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Dear Friends of City Year:

As many of you know, on Thursday, December 10th, City Year New York's beloved Dean and Board Member, David Caplan passed away at the age of 90.

One of City Year’s central values is “service to a cause greater than self.” When I reflect on this value and what it means to consistently place the interests of others over one’s own desires and comfort, it is hard to think of someone who embodied the value as sincerely and as deeply as David did. 

At City Year, we ask hundreds of AmeriCorps members annually to dedicate a year of their lives in service to help their communities and country, by working daily to improve the lives of children growing up in poverty. It is no secret that a year of service is extremely taxing, but the vast majority of AmeriCorps members complete their year of service with a sense that they have achieved something significant for themselves and for others. 

David understood this concept of sacrifice amazing well. David often joked that he would happily have served in the role of AmeriCorps member, but last time he looked City Year had an age range of 17-24, which he believed (though he needed to double check his birth certificate) disqualified him. For over a decade, David showed up to work every single day in the City Year New York office serving as a mentor to anyone who needed it; acting as a critical thought partner who helped us make difficult decisions; introducing us to new champions and supporters; and just doing whatever it took to enable City Year to help more children learn and enable more young people to serve. David found companionship among the AmeriCorps members and staff who, like him, wanted to give incredible amounts of their time and energy to an important cause—for David believed that extending national service to our nation’s public schools was the great cause of our time. During his time with City Year, David’s efforts helped grow City Year New York from 50 annual AmeriCorps members to over 300 today.  We are truly grateful and will be forever indebted to David’s decision to commit these last 11 years of his life to serve in such a personal way that enriched tens of thousands of lives in New York City and beyond. 

More important than what he did for City Year was how he did it.  Most will remember David for how much warmth and laughter he brought to any environment he was a part of.  He was the type of person who could make anyone smile and treated everyone like they were special. During his time at City Year, hundreds of staff, corps members, and board members formed lasting relationships with him, which guided their professional development, and in turn kept David deeply connected to younger generations.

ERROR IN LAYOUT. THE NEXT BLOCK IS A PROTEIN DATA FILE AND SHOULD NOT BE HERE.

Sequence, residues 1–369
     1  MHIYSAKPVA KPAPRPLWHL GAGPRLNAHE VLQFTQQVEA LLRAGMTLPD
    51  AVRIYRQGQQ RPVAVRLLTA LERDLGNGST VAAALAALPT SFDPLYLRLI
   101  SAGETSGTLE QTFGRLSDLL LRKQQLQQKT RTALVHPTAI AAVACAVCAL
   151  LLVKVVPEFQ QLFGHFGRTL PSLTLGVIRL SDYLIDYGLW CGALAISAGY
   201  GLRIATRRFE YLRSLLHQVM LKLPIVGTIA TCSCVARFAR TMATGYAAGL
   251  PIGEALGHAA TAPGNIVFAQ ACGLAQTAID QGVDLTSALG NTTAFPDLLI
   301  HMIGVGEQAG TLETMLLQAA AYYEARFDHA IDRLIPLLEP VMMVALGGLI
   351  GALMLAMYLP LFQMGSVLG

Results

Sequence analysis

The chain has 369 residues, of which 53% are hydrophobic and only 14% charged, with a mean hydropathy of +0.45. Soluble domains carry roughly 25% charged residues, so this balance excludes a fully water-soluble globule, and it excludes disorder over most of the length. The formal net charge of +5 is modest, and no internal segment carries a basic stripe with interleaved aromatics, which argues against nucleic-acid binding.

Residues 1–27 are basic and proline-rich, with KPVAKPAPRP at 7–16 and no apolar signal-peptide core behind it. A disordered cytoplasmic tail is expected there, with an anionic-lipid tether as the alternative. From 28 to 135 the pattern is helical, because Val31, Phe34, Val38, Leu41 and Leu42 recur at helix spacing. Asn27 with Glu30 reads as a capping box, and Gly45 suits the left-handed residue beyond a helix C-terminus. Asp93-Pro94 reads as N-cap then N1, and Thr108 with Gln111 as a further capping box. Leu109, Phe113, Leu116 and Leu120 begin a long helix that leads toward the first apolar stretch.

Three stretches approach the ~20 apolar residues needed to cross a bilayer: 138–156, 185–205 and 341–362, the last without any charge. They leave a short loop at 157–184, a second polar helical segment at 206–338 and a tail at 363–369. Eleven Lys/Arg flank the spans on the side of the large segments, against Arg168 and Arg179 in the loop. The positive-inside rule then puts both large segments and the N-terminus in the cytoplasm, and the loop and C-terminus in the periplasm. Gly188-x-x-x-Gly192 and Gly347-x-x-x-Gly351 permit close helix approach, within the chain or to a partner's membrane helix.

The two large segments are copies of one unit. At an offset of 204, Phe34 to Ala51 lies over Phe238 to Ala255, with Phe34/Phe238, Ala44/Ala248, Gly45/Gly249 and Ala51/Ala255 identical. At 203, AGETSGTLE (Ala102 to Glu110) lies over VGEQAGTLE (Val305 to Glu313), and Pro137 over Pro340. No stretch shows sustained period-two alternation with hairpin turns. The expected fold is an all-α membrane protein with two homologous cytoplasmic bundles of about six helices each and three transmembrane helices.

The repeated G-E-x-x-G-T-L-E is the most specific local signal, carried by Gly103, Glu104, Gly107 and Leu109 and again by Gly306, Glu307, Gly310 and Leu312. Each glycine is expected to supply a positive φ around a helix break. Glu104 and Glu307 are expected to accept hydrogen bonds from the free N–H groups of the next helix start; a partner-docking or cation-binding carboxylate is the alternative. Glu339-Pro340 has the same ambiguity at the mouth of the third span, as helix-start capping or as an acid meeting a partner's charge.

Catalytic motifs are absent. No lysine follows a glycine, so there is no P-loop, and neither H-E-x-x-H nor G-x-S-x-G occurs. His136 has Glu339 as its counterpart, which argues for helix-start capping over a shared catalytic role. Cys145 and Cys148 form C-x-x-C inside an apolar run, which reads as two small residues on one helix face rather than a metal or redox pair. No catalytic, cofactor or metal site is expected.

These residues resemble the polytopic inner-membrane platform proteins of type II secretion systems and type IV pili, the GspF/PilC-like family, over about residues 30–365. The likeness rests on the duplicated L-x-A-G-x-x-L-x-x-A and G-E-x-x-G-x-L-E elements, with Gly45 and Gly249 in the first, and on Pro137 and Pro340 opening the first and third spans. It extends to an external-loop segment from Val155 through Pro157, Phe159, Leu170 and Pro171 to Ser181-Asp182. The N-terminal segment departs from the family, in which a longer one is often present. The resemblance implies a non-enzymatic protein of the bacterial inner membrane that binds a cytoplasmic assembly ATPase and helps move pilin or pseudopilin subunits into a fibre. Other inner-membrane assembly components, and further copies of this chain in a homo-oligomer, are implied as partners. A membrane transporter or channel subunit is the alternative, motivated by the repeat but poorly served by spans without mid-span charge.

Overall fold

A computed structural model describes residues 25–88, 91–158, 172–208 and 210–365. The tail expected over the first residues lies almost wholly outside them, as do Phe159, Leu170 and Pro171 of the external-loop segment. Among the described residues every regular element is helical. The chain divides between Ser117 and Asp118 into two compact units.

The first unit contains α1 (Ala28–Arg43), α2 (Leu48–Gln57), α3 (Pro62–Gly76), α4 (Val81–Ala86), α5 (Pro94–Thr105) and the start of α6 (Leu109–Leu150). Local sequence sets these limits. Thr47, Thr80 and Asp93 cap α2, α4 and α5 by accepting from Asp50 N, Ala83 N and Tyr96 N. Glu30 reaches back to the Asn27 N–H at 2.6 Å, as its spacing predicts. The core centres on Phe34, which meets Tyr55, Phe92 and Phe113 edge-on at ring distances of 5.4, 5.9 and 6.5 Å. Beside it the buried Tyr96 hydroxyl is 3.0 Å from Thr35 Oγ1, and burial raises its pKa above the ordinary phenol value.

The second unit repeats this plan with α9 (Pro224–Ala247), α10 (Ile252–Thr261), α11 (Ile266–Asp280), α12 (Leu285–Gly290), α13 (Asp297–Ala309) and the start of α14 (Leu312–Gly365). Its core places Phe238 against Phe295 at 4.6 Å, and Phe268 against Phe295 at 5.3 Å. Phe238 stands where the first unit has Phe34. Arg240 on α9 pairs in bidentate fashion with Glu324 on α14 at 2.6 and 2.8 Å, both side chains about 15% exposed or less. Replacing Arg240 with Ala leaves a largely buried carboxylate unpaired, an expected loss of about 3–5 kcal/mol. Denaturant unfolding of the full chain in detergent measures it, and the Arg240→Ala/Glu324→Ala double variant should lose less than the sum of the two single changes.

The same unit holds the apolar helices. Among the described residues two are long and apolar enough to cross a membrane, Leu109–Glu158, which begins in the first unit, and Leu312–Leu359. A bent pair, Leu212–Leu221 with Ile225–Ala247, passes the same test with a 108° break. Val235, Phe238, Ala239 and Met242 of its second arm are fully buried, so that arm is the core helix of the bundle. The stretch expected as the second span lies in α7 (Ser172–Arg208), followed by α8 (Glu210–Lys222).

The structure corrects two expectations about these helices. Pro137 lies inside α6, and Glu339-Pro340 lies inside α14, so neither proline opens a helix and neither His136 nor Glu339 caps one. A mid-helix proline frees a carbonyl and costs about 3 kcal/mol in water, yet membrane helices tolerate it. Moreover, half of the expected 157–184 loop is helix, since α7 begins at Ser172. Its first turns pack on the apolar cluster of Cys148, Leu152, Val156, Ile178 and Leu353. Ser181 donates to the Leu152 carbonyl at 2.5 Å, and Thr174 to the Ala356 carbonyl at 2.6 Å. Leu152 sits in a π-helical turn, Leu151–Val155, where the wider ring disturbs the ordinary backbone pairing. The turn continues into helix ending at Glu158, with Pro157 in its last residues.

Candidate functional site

David meant so very much to all of us that to lose him so unexpectedly and so close to the holidays has been stunning and just sad. I will miss David more than words allow me to describe.  So instead, let me share this: I have no doubt that this news has caused ripples of great sorrow in our community over the past week and a half, and that is to be expected. However, thinking about who David was, I know his wish would have been that after we shed our tears, we all find some way to celebrate his legacy by remembering all the great joy and laughter he brought into any room he entered and any group he was a part of. David was a force of nature that inspired so many of us and his life and legacy will be remembered for a long time to come.  

In the coming months, we look forward to supporting David’s family in the planning of a memorial service to honor and celebrate David’s legacy in a way that allows all of us who loved him to come together and salute the lasting impact his life had on all of us. We will share this information with you once it is finalized. Until then, I hope that at some point soon, if it has not happened already, that when you think of David you find a way to smile as you reflect not simply on his loss, but more importantly on the gift his life was to all of us in the City Year community and beyond.



Erica Hamilton

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